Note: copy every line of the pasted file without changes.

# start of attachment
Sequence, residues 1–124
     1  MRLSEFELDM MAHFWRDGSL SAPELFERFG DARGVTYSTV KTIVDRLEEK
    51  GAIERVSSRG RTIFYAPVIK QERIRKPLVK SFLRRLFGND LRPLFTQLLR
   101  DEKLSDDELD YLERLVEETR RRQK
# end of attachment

Sequence, residues 1–124
     1  MRLSEFELDM MAHFWRDGSL SAPELFERFG DARGVTYSTV KTIVDRLEEK
    51  GAIERVSSRG RTIFYAPVIK QERIRKPLVK SFLRRLFGND LRPLFTQLLR
   101  DEKLSDDELD YLERLVEETR RRQK